Child Behavior Forum
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Avatar universal


I have only recently learned of the ODD.  My daughter has been diagnosed with "mild" ADHD.  Her pychologist also told us that she is extremely bright.  She is doing well academically in kindergarten; her teacher said she is above average in most areas of learning.  Our problem is her behavior.  She not only falls into four symptoms of ODD, but exhibits all six of the criteria.  We are trying to keep her off of medication and are presently giving her essential fatty acids (pill), a homeopathic "calm" pill, and at night a calcium/magnesium liquid. We have seen some improvement in some areas, but I feel we're still missing something.  I'm afraid that there may not be only one disorder but several and am totally at a loss to know what to do.  Just to describe her:  She often blatently disobeys, she often acts up in grocery stores, restaurants, and at church (actually, that's is where she's the worst), she will not accept "NO" as an answer for anything (she feels it's her way or no way), she screams when told "no" and will not even be quiet long enough for us to explain why we gave her that answer. When asked a question, you must say her name at least four times to get her attention.  I need to add that she has no problem sitting down and watching a video or listening to a cassette tape, in fact, she'll sit for an hour and do those things. She will sit and let you read to her.  I am finding all of this very confusing. We want to do the best thing for her.  Lately there's been a lot of yelling and my husband and I realize this isn't accomplishing anything but are extremely frustrated.  Please tell us what you think we should do.  Should we have her tested? One doctor recommended an MDE test.  CBS, Pennsylvania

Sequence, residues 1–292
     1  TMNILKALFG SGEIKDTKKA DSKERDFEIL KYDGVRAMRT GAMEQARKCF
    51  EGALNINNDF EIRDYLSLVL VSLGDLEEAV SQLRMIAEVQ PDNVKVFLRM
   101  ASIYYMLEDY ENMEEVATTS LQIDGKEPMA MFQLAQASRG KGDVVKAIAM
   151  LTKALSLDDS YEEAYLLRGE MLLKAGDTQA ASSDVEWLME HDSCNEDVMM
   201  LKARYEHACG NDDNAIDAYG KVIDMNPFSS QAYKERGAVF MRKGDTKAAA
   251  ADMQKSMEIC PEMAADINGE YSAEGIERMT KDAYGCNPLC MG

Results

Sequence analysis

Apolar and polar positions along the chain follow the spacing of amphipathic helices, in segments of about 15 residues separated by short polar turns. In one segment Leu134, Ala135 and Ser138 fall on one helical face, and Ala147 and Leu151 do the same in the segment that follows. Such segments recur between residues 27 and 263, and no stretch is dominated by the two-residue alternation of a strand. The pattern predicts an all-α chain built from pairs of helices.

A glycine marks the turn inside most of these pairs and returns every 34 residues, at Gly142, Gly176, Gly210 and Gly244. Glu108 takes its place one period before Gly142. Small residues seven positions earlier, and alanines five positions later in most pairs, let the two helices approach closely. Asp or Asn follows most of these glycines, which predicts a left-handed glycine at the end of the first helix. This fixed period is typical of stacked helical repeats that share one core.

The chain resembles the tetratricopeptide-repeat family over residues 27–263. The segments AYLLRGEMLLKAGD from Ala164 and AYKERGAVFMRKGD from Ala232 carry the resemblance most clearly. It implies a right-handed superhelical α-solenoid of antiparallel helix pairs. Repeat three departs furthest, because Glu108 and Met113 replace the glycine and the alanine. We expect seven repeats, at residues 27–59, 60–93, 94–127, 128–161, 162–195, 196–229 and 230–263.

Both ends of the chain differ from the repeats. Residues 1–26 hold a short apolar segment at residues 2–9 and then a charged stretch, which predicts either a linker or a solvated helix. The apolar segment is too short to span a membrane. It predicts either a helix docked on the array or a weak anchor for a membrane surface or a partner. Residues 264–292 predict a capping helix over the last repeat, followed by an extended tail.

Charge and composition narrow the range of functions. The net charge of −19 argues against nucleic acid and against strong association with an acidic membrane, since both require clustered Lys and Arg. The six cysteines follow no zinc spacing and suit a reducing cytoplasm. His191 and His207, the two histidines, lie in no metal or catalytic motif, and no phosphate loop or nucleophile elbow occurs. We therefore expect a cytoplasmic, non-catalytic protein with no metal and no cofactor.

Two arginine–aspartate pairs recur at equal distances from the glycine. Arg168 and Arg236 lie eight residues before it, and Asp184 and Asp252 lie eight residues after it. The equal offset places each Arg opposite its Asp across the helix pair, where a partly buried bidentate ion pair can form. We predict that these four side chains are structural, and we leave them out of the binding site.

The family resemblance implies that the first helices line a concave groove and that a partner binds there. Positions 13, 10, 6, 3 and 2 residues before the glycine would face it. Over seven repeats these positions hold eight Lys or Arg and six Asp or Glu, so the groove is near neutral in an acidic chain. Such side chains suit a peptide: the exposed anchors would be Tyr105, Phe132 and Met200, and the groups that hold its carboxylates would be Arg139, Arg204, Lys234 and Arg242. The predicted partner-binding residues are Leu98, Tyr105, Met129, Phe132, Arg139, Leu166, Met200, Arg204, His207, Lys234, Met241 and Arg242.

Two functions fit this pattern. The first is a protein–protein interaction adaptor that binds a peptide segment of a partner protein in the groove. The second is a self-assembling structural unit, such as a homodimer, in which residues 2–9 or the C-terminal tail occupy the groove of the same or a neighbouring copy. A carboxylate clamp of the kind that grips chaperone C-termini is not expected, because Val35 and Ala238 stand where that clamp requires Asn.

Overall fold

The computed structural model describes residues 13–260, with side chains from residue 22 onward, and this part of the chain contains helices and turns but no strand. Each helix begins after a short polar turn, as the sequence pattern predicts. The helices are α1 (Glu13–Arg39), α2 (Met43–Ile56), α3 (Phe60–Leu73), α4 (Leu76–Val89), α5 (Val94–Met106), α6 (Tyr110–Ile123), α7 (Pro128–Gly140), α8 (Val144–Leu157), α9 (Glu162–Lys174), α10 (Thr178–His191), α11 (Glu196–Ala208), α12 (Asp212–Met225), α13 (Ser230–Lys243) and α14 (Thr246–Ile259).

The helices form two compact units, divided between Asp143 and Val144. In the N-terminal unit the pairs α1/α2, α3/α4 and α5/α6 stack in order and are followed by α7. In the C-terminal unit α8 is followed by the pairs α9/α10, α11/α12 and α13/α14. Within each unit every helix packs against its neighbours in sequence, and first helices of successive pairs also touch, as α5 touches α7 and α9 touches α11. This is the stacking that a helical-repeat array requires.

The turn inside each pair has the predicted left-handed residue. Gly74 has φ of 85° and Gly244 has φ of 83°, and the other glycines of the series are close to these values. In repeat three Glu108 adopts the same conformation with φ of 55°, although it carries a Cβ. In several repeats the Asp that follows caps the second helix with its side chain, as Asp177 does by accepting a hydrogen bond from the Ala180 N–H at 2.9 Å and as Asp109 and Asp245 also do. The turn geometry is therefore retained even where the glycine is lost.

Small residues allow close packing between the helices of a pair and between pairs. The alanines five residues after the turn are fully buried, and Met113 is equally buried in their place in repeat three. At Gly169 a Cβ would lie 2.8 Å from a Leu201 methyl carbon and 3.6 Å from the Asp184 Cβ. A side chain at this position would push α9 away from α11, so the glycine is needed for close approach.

5 Responses